Why are important the cities Ukraine has recaptured | TBEN | 14.09.2022

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The numbers still amaze people in Ukraine — since September 6, the Ukrainian military has liberated more than 6,000 square kilometers (2,378 square miles) and more than 300 towns with a total population of about 150,000 people in the Kharkiv region, according to the Ukrainian deputy. Defense Minister Hanna Maliar.

Most of the area to the north and east of Kharkiv Oblast has reportedly been recaptured, an area Russia quickly occupied and held onto at the start of the invasion on February 24, 2022.

For Ukraine, this offensive is the second major success since the end of March, when the Russian offensive on Kiev failed and Moscow withdrew its troops north of the capital.

Moscow initially remained silent for days before describing the hasty retreat as a “regrouping.” However, the retreat is not yet a relief for Kharkiv, Ukraine’s second largest city. Close to the border with Russia, the city is shelled almost daily. But for the areas further east, the end of the occupation is of strategic importance.

Izyum, gateway to Donbas

Home to about 50,000 people before the Russian invasion, Izyum is located in the southeast of the Kharkov region on the strategically important highway M-03 (E-40). It is considered the most important city that Ukraine was able to recapture. The road connects Kharkov with the city of Sloviansk in the adjacent Donetsk region. Izyum to Sloviansk is only 50 kilometers (32 miles), making it the gateway to the Donbas Basin.

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Since the outbreak of the war in the Donbas in 2014, this road has become one of the central transport arteries of Ukraine. Troops in the Ukrainian-controlled part of Donbas are supplied from Kharkiv along this route. Russia is trying to encircle Ukrainian troops near Sloviansk, but so far without success. There has been heavy fighting in the area all summer. The recapture of Izyum relieves Ukrainian forces in Donbas and the offensive can continue further east.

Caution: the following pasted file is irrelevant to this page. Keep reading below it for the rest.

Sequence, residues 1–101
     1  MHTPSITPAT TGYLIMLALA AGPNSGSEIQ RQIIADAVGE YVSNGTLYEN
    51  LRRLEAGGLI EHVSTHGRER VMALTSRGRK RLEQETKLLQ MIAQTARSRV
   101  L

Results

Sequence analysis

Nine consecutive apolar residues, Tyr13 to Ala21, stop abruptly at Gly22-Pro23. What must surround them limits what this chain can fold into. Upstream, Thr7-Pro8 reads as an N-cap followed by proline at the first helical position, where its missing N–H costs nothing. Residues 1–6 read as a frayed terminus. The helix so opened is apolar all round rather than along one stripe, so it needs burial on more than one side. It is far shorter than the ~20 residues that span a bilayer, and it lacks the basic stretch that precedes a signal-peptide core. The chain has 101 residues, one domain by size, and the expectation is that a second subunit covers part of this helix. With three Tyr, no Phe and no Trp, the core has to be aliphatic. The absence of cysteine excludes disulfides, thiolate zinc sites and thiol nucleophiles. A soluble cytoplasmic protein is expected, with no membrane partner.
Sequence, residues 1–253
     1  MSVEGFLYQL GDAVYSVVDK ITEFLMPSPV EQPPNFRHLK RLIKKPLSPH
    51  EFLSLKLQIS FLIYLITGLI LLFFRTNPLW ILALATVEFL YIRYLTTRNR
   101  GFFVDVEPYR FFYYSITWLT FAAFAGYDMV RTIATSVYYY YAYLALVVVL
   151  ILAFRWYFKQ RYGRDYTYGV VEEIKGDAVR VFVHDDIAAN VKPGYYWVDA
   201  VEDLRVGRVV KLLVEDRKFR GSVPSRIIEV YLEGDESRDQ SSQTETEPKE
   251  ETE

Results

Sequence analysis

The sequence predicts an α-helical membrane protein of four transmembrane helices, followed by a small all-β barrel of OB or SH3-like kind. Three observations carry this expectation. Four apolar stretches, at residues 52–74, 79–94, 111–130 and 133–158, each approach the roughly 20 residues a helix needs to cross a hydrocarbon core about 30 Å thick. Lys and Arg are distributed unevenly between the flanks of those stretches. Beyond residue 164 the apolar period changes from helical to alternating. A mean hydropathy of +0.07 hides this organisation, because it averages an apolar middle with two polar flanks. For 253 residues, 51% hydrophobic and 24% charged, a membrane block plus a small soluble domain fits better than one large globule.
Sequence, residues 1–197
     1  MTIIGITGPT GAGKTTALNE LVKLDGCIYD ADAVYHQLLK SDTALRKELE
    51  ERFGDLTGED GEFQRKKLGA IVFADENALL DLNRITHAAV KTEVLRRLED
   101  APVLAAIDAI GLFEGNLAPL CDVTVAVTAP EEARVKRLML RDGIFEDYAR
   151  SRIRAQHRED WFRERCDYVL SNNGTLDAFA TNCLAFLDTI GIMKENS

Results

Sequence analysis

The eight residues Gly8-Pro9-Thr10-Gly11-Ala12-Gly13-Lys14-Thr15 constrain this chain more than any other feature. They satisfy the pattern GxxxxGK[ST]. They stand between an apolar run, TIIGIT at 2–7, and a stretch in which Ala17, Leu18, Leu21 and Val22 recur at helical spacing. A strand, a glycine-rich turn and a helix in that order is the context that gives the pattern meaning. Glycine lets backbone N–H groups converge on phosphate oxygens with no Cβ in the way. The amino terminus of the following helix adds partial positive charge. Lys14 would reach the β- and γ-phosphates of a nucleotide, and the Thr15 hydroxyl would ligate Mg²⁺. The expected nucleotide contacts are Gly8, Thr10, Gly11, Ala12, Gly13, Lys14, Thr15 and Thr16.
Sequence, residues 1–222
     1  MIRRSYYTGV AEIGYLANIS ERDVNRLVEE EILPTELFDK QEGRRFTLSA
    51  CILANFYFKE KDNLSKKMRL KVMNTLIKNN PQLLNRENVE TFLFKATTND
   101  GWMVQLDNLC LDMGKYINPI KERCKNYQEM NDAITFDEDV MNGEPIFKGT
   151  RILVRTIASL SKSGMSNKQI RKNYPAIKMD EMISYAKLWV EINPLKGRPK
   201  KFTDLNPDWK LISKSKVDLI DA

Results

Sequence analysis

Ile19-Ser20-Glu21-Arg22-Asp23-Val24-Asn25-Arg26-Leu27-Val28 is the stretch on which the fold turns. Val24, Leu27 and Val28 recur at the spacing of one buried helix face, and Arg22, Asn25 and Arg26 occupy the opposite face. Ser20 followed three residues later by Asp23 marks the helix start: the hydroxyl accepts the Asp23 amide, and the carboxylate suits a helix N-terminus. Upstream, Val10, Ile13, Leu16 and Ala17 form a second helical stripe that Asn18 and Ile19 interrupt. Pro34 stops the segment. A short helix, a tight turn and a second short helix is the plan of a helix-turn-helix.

A Ukrainian soldier on an abandoned Russian tank in Izyum

However, Izyum is more than an important transport hub. It is home to an arms factory owned by the state-owned Ukroboronprom, the only manufacturer of glass optics in Ukraine. Most of the night vision equipment for the Ukrainian army is produced there, including for battle tanks and infantry fighting vehicles. The weapons factory Izyum also produces parts of the laser control system for the Ukrainian Stuhna and Corsar anti-tank missiles, both used in the war.

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Kupiansk, railway junction on the border with Russia

The city of Kupiansk is the second most important railway junction in the Kharkiv region. The city is located in the north, just 40 kilometers from the border with Russia. Russia, which has a new army base near the town of Valuyki, close to the Ukrainian border, used Kupyansk to transport supplies to the front at Izyum.

Kupiansk is located on the Oskol River. Russian forces retreated to the east bank in response to the Ukrainian offensive. Before the invasion, about 60,000 people lived in the city. During the occupation, it was controlled by a civil-military administration controlled by Moscow, which forced the Ukrainian offensive to move first to Vovchansk near the border and then to Belgorod in Russia. The “administration” apparently had planned a “referendum” for annexation to Russia in the coming months, similar to those in other occupied territories – plans now disrupted.

Balakliia, weapons depot and gas field

Balakliia was one of the first liberated cities in the Kharkiv region. With about 27,000 inhabitants before the war, it is smaller than Izyum and Kupyansk. However, it is near the strategically important highway M-03 on the route from Kharkov to Izyum.

Infografik Karte Lage in der Charkiw Region Ukraine NL

In 2017, an ammunition depot for artillery shells exploded in Balakliia, making headlines in Ukraine and abroad. The authorities in Kiev suspected sabotage. According to some stories, the city once housed Ukraine’s largest ammunition depot, a Soviet legacy.

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Shebelinka, Ukraine’s largest gas field, is also located in the area. It is important for Ukraine’s gas supply, but its proximity to the frontline has put gas production at risk. Nearly half of Ukraine’s gas is produced in the Kharkiv area.

Can Ukraine keep the recaptured territories?

Ukraine is trying to push further east and liberate other areas, but the pace has slowed considerably. The key question in the coming weeks is whether Ukraine can keep the areas already liberated. Observers do not rule out the possibility that Russia will regroup and attack again in the north. Chechen leader Ramzan Kadyrov, whose troops are considered notorious in the Ukraine war, announced that lost territory under Moscow’s control would be reclaimed.

Ukraine is currently trying to advance in the southern region of Kherson, where several small towns have been recaptured. Russia apparently considers Kherson far more important than Kharkov because of its proximity to the annexed Crimea — and has repeatedly sent reinforcements.

This article was originally written in German.

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